Seattle-based artist Casey Curran recently created from antique books a series of sculptures called "Structuralism." In each piece, books with common themes and characters were laid open, cut in half, and glued together, side by side. Curran says he hasn't hesitated to admit to fellow artists that he cut into books to make art, but he has hesitated to explain to booksellers what he's planning to do with the antique novels once he takes them away from the checkout counter.

Now, more than ever, he agrees, the book is a cheap (and often free) medium for artists willing to check out the sale section of their local bookstore or to Dumpster-dive.

Jon Guetschow has worked in Powell's City of Books in Portland, Oregon, for more than 17 years. He currently runs the used-book section in the five-story, block-wide bookstore, which relies on the books Powell's customers sell back (both in person and online) and those purchased from bookstores that have gone out of business around the country.

Guetschow's been collecting images of book art in a folder on his computer — despite the fact that he's not a fan.

"I don't want to make too much of it," he says. "And I actually have seen less reverence being placed on the physical book as more people make things out of them. Where books used to be carved into intricate landscapes, they're now being used as building blocks, or torn apart to make the feathers of a bird. I just saw a sculpture where someone had cut a book in half and fixed it to the end of a dust-broom handle."

Gayle Shanks of Changing Hands Bookstore in Tempe disagrees.

"I've seen extraordinarily beautiful pieces that are created from discarded books. ... And for the most part, I've seen pieces of sculpture that artists have created to call attention to the word and to the physicality of the book. They've turned what is already a work of art into something curious and profound. It's become something beyond just the book."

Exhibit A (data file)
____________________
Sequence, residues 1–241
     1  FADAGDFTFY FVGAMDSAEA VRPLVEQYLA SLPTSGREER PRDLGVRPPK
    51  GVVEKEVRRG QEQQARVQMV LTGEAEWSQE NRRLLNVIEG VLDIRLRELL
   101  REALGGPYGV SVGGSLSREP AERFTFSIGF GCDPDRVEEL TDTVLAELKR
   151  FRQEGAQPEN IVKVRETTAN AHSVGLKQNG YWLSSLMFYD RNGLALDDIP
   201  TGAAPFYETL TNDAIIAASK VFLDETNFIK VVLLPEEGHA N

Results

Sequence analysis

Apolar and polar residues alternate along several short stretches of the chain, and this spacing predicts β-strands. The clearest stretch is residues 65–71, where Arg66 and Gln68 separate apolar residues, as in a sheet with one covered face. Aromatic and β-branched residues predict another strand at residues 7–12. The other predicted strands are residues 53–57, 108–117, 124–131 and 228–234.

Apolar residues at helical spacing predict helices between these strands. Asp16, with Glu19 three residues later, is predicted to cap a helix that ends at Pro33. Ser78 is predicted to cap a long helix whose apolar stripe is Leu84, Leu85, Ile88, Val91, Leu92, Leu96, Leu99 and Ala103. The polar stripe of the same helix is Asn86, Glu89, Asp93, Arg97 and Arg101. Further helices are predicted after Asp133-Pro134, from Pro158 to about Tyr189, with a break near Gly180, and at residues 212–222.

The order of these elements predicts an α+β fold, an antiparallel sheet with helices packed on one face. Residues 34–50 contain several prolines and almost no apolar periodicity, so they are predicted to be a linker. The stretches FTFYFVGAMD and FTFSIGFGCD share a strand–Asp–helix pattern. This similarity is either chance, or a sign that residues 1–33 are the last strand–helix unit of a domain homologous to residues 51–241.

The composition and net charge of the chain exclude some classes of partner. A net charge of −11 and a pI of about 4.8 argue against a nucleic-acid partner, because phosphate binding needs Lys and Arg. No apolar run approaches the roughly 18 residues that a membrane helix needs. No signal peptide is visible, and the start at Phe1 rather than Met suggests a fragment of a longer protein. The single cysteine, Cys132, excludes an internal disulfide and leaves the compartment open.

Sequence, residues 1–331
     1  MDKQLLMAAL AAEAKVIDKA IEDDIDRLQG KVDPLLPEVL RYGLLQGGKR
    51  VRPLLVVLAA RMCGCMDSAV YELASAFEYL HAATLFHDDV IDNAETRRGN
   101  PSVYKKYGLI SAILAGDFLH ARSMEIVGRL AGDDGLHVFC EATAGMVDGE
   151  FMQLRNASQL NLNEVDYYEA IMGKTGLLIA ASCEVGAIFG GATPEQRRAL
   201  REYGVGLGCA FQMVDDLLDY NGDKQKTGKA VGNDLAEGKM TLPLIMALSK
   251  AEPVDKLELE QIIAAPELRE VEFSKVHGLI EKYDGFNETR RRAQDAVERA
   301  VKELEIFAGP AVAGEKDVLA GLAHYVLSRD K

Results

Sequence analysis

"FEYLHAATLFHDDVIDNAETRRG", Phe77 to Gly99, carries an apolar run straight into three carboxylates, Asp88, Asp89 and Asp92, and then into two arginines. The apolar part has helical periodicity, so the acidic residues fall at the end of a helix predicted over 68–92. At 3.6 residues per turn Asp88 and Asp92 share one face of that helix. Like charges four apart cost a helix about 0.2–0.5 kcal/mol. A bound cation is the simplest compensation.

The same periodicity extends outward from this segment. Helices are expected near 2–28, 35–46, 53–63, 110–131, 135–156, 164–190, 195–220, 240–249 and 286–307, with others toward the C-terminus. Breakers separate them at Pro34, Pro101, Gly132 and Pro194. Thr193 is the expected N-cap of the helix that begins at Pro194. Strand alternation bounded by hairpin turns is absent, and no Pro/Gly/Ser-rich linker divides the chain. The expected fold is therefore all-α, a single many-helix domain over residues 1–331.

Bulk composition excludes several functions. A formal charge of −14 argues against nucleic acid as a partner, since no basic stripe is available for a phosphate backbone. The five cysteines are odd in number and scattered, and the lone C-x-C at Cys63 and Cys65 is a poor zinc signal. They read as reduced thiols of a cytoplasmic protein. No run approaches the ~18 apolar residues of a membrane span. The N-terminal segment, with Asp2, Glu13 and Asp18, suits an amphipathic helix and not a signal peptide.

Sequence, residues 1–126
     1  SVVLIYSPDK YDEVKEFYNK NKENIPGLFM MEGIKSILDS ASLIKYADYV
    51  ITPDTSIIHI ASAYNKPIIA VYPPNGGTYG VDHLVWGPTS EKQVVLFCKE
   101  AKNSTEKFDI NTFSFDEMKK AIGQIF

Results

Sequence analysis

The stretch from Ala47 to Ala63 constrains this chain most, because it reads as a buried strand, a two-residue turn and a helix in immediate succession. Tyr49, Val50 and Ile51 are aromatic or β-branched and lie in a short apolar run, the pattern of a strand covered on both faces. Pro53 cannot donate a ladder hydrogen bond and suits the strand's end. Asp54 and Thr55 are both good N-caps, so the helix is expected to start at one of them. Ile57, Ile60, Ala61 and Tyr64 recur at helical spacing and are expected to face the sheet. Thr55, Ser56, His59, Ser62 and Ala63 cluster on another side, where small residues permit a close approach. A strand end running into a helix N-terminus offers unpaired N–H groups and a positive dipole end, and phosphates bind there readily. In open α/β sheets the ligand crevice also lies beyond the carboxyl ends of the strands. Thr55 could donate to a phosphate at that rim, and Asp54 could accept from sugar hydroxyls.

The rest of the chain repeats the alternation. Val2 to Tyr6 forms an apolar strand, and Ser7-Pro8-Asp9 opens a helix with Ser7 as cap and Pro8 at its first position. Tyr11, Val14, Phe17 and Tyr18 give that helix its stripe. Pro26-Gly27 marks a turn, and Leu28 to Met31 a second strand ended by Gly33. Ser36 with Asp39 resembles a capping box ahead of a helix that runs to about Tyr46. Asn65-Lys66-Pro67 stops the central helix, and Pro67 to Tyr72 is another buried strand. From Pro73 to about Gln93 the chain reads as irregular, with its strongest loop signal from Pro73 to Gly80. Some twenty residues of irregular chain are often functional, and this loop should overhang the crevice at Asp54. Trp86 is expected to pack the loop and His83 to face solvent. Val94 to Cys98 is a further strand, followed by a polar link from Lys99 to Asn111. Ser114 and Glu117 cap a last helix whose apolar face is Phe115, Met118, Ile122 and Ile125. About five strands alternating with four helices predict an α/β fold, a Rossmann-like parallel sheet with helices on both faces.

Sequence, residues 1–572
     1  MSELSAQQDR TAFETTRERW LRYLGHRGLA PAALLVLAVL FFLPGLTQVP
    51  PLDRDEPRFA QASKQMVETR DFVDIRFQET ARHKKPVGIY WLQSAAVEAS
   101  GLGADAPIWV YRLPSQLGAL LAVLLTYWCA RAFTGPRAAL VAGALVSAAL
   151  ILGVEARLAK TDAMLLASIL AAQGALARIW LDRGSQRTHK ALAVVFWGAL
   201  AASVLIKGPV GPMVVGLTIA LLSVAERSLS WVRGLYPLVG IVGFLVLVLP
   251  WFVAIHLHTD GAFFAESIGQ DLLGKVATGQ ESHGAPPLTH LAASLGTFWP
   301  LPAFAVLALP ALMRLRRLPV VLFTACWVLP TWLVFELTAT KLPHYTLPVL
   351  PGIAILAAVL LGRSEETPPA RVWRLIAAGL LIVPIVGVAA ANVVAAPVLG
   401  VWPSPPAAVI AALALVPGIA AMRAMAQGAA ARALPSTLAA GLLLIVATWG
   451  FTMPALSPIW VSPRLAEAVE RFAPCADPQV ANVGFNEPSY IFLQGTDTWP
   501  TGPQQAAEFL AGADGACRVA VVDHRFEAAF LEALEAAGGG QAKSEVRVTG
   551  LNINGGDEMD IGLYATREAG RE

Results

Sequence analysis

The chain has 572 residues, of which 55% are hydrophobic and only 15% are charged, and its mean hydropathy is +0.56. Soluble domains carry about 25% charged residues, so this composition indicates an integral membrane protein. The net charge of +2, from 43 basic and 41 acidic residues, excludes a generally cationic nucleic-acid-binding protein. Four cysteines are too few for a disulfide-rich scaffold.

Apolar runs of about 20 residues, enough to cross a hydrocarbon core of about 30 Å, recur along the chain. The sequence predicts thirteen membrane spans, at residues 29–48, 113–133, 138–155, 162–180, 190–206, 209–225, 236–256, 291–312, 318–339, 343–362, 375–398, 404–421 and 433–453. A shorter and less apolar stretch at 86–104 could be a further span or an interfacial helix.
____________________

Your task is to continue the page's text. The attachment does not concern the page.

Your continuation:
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I am going to write a fucking story for the Dallas Observer. You people know who I am. 

O.K. Theseus: Big roads (Interstates, Tolls High 5, eternal beltline) are how some dispersed cities manage "minority growth"


I still order books online and support the local secondhand book store when I go into town... A book I had been looking for since back in the mid 1990's became available as a down load for Kindle or a reprint by a Canadian company for $43... I chose to pay $73 for a first edition and in one week it had appreciated in value to over $200 and now only 3 months later is being sold for $400.59 dollars.... I wish my other investments were performing as well.   

TheCredibleHulk topcommenter

It's pretty hard to get all teary eyed about zillions of pages of unsold Shades of Grey, Dean Koontz or Stephen King paperbacks heading to the shredder.

Probably the most noble use that paper-fiber will ever serve is cradling a dozen eggs home from the market for someone. 


As an author with a foot in both worlds--I write large illustrated coffee table books and work as an editor for an EBook company--I see some interesting issues.  For convenience and for books I just want to read, nothing beats an e-book. But you cannot share or loan an e-book. And it is hard (though not impossible) to autograph one.  I often want to share books I love, and cannot do that if I only have the e-book version. Thus I often end up buying two copies--one paper and one electronic--of books I really like. One to read and one to share and get autographed.